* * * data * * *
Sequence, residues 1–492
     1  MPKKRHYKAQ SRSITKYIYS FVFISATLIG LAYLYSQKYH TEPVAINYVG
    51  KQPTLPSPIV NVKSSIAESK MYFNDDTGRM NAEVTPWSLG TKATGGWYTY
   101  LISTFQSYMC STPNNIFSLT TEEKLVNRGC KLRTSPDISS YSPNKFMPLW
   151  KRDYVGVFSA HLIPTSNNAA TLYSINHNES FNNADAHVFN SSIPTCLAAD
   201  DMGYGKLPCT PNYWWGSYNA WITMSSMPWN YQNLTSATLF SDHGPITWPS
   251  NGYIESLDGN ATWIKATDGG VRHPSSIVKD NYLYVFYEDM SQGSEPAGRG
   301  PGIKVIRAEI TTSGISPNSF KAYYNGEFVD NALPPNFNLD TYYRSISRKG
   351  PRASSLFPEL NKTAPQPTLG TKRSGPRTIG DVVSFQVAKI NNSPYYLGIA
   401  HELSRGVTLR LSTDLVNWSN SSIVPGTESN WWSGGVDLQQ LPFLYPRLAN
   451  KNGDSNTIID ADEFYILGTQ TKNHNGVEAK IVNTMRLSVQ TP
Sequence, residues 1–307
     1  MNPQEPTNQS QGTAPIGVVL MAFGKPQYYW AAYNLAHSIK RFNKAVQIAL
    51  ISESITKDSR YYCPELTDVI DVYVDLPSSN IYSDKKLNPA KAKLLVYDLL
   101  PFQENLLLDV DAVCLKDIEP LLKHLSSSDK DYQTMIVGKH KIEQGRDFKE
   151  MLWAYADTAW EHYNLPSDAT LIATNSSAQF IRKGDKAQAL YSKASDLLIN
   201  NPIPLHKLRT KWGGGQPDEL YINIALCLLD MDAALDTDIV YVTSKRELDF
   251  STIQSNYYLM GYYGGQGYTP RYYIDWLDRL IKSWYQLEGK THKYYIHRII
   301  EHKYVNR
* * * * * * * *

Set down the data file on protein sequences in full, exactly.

Sequence, residues 1–492
     1  MPKKRHYKAQ SRSITKYIYS FVFISATLIG LAYLYSQKYH TEPVAINYVG
    51  KQPTLPSPIV NVKSSIAESK MYFNDDTGRM NAEVTPWSLG TKATGGWYTY
   101  LISTFQSYMC STPNNIFSLT TEEKLVNRGC KLRTSPDISS YSPNKFMPLW
   151  KRDYVGVFSA HLIPTSNNAA TLYSINHNES FNNADAHVFN SSIPTCLAAD
   201  DMGYGKLPCT PNYWWGSYNA WITMSSMPWN YQNLTSATLF SDHGPITWPS
   251  NGYIESLDGN ATWIKATDGG VRHPSSIVKD NYLYVFYEDM SQGSEPAGRG
   301  PGIKVIRAEI TTSGISPNSF KAYYNGEFVD NALPPNFNLD TYYRSISRKG
   351  PRASSLFPEL NKTAPQPTLG TKRSGPRTIG DVVSFQVAKI NNSPYYLGIA
   401  HELSRGVTLR LSTDLVNWSN SSIVPGTESN WWSGGVDLQQ LPFLYPRLAN
   451  KNGDSNTIID ADEFYILGTQ TKNHNGVEAK IVNTMRLSVQ TP
Sequence, residues 1–307
     1  MNPQEPTNQS QGTAPIGVVL MAFGKPQYYW AAYNLAHSIK RFNKAVQIAL
    51  ISESITKDSR YYCPELTDVI DVYVDLPSSN IYSDKKLNPA KAKLLVYDLL
   101  PFQENLLLDV DAVCLKDIEP LLKHLSSSDK DYQTMIVGKH KIEQGRDFKE
   151  MLWAYADTAW EHYNLPSDAT LIATNSSAQF IRKGDKAQAL YSKASDLLIN
   201  NPIPLHKLRT KWGGGQPDEL YINIALCLLD MDAALDTDIV YVTSKRELDF
   251  STIQSNYYLM GYYGGQGYTP RYYIDWLDRL IKSWYQLEGK THKYYIHRII
   301  EHKYVNR